Gareth Southgate vows to not ‘outstay welcome’ and defends England style | England

Gareth Southgate says he will “not outstay my welcome” as England manager, and has suggested he would leave if he felt the players were not responding to his methods.

There have been calls for Southgate to adopt a more attacking approach, with clamour growing for Jack Grealish’s inclusion as a starter after his influential substitute performance in the draw with Germany. Trent Alexander-Arnold’s status has also come under scrutiny, with Gary Lineker among those to criticise the fact he was not used in Munich. Southgate batted away accusations that he is too conservative butaccepts his role has a shelf life.

“I’ve got to find a balance because I don’t want to sit and be defensive, but some people have managed teams and others haven’t,” he said. “Until you’ve managed teams, you have a different view of the game. What’s needed to win football matches are the sorts of things [Mason] Mount did on [Joshua] Kimmich that allows other things to happen. For the man that comes and stands on the terrace and pays his money, I totally understand he wants to see a Grealish with a Sterling with a Saka. But you’ve got to have a balance of the team, this is top-level football.

“I’ve got to manage in the way I see fit. I won’t outstay my welcome but I think I can do a good job for the team, and I think we’ve done a good job for the team. I think we’ll continue to improve the team, which we have done over a consistent period of time, and we’re also developing young players that will leave England in a good place for a long period to come.”

Quick Guide

England v Italy: probable teams


England (4-3-2-1): Pickford; James, Maguire, Tomori, Trippier; Bellingham, Ward-Prowse, Gallagher; Sterling, Grealish; Abraham.

Subs from: Pope, Ramsdale, Walker, Stones, Guéhi, Coady, Justin, Rice, Phillips, Mount, Foden, Saka, Bowen, Kane.

Italy (4-3-3): Donnarumma; Di Lorenzo, Acerbi, Felipe, Dimacro; Frattesi, Locatelli, Tonali; Pessina, Scamacca, Pellegrini.

Subs from: Cragno, Gollini, Meret, Calabria, Mancini, Gatti, Bastoni, Florenzi, Spinazzola, Scalvini, Esposito, Pobega, Cristante, Barella, Zerbin, Politano, Capari, Cancellieri, Gnonto, Raspadori.

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Southgate made a similar statement in the wake of last summer’s Euro 2020 final defeat by Italy, who England face in the Nations League at Molineux on Saturday, but signed a new contract in November that runs until December 2024. He was not questioned about his future this time but appeared to dangle the issue when asked about his approach.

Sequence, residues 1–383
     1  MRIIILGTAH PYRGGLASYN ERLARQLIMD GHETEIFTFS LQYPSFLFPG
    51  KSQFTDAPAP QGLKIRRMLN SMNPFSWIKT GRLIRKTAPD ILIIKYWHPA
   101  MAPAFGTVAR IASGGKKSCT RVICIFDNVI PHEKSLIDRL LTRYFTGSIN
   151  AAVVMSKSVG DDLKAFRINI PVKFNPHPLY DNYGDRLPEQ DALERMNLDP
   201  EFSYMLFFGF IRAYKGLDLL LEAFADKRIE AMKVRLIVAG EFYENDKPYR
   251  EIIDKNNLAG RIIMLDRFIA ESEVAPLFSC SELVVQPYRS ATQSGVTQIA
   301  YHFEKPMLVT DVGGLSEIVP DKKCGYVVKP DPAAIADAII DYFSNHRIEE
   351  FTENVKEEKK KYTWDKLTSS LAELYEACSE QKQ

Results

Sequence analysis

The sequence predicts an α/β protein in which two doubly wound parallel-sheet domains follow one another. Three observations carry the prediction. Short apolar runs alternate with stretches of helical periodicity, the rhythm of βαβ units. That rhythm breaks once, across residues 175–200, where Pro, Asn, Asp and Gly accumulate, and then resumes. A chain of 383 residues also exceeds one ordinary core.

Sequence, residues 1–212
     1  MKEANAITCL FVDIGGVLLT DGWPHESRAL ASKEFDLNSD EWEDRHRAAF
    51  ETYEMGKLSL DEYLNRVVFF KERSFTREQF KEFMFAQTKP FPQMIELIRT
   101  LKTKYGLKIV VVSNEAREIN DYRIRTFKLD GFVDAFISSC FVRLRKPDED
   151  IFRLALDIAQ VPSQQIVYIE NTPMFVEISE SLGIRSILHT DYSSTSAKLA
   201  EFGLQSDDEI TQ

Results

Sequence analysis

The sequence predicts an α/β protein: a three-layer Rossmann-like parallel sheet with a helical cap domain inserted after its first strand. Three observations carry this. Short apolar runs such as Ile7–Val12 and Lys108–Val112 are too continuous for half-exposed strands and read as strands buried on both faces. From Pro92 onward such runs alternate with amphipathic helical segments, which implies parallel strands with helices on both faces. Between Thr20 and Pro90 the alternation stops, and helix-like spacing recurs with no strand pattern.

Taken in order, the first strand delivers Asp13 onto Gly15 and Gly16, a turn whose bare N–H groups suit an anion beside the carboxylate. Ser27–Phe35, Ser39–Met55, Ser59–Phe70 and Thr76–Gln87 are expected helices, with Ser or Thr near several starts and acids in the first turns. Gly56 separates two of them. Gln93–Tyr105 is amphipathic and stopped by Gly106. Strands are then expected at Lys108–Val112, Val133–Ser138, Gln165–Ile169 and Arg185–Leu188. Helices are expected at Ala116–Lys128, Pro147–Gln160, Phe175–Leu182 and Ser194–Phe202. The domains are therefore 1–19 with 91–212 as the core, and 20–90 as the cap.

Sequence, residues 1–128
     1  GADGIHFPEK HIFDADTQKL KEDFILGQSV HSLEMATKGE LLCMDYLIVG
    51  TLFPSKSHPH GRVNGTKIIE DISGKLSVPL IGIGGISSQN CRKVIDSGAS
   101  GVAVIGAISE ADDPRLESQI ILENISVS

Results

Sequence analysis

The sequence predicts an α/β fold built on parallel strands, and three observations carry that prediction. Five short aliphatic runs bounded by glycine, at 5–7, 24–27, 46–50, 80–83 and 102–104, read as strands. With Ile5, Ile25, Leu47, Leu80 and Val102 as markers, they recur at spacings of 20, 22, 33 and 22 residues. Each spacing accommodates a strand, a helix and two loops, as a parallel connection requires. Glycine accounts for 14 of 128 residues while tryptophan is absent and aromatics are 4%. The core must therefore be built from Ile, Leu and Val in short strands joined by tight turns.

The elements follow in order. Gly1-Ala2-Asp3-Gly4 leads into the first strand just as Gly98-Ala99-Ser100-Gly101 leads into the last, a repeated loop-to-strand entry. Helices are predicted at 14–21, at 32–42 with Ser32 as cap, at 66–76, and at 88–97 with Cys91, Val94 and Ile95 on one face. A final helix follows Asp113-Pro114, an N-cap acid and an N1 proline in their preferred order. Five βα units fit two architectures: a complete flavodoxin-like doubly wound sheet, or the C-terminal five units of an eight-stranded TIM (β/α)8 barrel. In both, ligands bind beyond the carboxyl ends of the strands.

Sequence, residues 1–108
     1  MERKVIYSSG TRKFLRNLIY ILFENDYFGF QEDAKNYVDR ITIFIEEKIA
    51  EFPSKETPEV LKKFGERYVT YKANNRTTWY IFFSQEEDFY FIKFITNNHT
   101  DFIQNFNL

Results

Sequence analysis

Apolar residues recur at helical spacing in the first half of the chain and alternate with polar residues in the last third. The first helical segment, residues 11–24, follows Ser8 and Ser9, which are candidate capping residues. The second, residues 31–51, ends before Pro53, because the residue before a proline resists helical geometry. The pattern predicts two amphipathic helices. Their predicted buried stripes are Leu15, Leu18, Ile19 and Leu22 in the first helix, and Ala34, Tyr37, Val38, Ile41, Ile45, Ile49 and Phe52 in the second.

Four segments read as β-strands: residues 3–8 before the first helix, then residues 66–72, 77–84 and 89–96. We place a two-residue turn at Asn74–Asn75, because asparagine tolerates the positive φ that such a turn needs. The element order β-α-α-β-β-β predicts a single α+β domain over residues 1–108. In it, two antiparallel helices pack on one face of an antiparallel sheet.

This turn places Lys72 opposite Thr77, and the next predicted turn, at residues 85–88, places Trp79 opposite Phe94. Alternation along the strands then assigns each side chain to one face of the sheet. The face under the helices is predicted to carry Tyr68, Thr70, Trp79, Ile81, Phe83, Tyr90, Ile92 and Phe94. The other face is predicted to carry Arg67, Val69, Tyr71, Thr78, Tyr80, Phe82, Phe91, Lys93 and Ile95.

“That’s how I’ve always felt about it,” he said. “The major part of that is how the players are. Do I still feel the players give everything and respond to what we do? Yes, I do.”

It was put to Southgate that he is regarded in some quarters, fairly or not, as overly pragmatic. “I understand, I hear about conservatism, but we were the highest scorers in Europe last year,” he said, referring to a 39-goal haul in the World Cup qualifiers that came with the caveat of San Marino’s presence in Group I. “So I don’t quite know what more you can do. I’m not saying I don’t buy into it because I understand, in this role, everybody’s going to have a view.

“I am always going to have those situations where people disagree with the selection. That noise over the last two or three years does seem extremely loud and I’ve had to ride that and get on with it through the Euros and the whole of last summer. I can see that’s where it is again. That’s what I have got to deal with.”

There is a perspective from which England risk being victims of their own success given their performances in the past two tournaments have shifted expectations. “The players have that desire and hunger,” Southgate said. “They don’t need to worry about what the expectation is. They feel the urgency, the need; they are desperate to be champions.

“For me, I am totally calm about it. I know what will be expected. I know the consequences if we don’t get there and I’m totally happy about it. I would rather be involved with a team where the expectation is high and we feel we have a chance, like other very good teams out there.”

The crowd in Wolverhampton will be limited to about 3,000 children, along with one accompanying adult for every 10 minors, as part of the stadium ban handed down by Uefa after the trouble at the Euro 2020 final. Those present will see James Ward-Prowse among the starters in what is likely to be a much-changed team.

England will start with a back four, as they did on Tuesday. They had fielded a central defensive three in the defeat by Hungary but Southgate said: “We have a preference to play with a four.”

Phil Foden has returned to training but is still feeling the effects of Covid-19, and Kalvin Phillips has been absent from practice sessions after the injury that ended his night in Munich prematurely. Southgate described him as “doubtful”.

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